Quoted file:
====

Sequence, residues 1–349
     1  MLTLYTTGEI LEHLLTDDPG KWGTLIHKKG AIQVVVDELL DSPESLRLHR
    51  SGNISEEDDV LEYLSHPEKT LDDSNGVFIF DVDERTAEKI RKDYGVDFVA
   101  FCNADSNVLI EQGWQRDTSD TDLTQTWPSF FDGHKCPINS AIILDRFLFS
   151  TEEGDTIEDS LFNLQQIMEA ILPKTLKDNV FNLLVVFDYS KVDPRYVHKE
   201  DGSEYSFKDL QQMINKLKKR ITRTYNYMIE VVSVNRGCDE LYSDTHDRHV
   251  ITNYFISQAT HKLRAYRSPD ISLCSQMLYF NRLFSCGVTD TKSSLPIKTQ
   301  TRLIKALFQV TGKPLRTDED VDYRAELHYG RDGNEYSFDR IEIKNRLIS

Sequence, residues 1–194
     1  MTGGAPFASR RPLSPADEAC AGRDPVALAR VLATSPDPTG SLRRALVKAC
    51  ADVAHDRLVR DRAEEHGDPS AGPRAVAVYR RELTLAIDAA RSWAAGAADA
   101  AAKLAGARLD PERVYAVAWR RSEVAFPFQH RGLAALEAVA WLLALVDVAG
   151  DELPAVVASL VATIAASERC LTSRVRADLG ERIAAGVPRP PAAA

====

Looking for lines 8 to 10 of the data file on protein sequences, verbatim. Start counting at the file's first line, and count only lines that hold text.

   301  TRLIKALFQV TGKPLRTDED VDYRAELHYG RDGNEYSFDR IEIKNRLIS

Sequence, residues 1–194
     1  MTGGAPFASR RPLSPADEAC AGRDPVALAR VLATSPDPTG SLRRALVKAC